Taylor, pg. 105-106 

There have not been too many passages that I have come across in studying Swedenborg that deal with the person of God directly.  Although this is a theistic theory, I was beginning to wonder where “God” actually fit in.  The ideas of heaven and hell, spiritual truths, or marriage are quite frequently covered, but it seemed that God himself was more difficult to discuss.  I think that it is important to establish the relationship between God and man.  Yes, he is the creator, but beyond that, who is he?  Why do we need God?  Why did God have to become a man?  Why did God create us?  I think that these are important questions that need to be covered in order to truly understand Swedenborg’s theistic theory.   

“Belief in the Divinity of the Lord is the work of God.  God put that light into our mind, into the higher or inmost part of our mind—everyone’s mind.  So that part of the process of believing in the Lord is entirely His work.” 

                                                                                                            Taylor, p. 109

From this passage, one could conclude that it is not by our free-will that any spiritual truths are revealed to us, rather it is God’s choice to reveal anything to us.  And this pretty much contradicts one of Swedenborg’s main ideas.  But if you look further into the passage, you get clearer picture that it is through one’s unity with God that these things are revealed.  I think that many are interested in learning more about what God’s truth is.  We are all seeking revelations from God to understand our purpose in life.  This an important area to explore in order to give people the right motivations to seek love and wisdom in this world.  This will in turn affect our spiritual life in the afterlife.

I think that although Testimony to the Invisible tried to be as objective as possible, it was a much more emotional response to Swedenborg’s writings.  For example, Raine was moved by Swedenborg and described his writings as “great splendor”.  Suzuki was very touched by Swedenborg’s lifestyle and work ethic, as well as his theology.  There was a sense of awe of the essay writers in this book.  While the emotional connection to God was important, there lacked rational or intellectual thought in these essays.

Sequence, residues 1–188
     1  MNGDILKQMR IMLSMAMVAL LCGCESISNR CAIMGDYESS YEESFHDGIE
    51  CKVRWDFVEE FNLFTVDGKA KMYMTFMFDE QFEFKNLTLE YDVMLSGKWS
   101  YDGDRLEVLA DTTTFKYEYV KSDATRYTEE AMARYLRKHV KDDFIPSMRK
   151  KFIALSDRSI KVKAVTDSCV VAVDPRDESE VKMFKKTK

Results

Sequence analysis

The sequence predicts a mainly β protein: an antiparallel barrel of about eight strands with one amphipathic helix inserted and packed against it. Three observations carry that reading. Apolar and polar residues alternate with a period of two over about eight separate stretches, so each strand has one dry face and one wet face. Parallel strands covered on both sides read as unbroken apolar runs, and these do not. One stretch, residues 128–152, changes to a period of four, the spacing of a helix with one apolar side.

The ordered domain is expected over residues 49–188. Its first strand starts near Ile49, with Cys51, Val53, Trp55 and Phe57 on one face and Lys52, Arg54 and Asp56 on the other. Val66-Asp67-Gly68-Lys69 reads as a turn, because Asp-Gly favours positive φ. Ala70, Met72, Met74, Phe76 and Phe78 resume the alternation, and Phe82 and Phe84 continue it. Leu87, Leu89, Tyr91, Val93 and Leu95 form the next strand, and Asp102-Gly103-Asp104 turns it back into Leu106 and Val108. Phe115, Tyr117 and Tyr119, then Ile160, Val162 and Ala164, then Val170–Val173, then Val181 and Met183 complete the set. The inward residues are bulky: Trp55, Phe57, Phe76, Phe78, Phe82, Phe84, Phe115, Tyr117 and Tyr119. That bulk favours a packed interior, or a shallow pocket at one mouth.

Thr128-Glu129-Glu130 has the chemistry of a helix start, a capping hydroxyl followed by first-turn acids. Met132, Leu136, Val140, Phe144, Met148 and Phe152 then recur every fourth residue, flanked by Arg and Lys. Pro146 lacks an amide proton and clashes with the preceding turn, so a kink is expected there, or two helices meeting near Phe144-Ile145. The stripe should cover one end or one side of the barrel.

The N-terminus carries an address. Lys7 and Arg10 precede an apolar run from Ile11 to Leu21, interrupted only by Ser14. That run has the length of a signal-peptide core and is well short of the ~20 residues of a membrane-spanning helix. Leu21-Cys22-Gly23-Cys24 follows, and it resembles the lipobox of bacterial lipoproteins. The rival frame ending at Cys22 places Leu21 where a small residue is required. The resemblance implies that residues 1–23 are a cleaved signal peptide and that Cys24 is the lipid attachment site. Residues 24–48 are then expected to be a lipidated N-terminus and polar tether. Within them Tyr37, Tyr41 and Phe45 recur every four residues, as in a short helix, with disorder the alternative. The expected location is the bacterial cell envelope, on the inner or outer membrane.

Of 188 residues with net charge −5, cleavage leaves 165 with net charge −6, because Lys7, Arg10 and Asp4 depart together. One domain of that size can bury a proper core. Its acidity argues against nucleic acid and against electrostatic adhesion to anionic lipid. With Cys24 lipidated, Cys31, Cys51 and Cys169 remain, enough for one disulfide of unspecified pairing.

Also, there was a lot reference to Swedenborg’s mysticism, whether indirect or direct.  As noted earlier, Wilson passionately believed that Swedenborg was a mystic.  He noted, “In the accepted positive scholarly sense, the mystic is simply one who has direct experience with the Divine.  I doubt that any follower of Swedenborg’s spiritual writings would say Swedenborg did not have direct experience of the Divine.  Then he was a mystic.” (pg. 133).  Suzuki’s essay also referred to Swedenborg as a “Swedish mystic.”  Raine’s passage above also indicates that she thought his revelations came through prophetic insight. 

On the other hand, Spirituality That Makes Sense, used a cause-and-effect method which made it much more rational.  Each section of the book was broken down and often times, the Scriptures were used to support the ideas of Swedenborg.  Each chapter addressed a specific issue and gave adequate definitions and evidence to back it up.  Taylor did not rely on his own interpretation or experiences to explain Swedenborg.  Mostly, he allowed the text to speak for itself.  If he did use personal information, it was only to elaborate on what was being discussed. 





Quotations from Spirituality That Makes Sense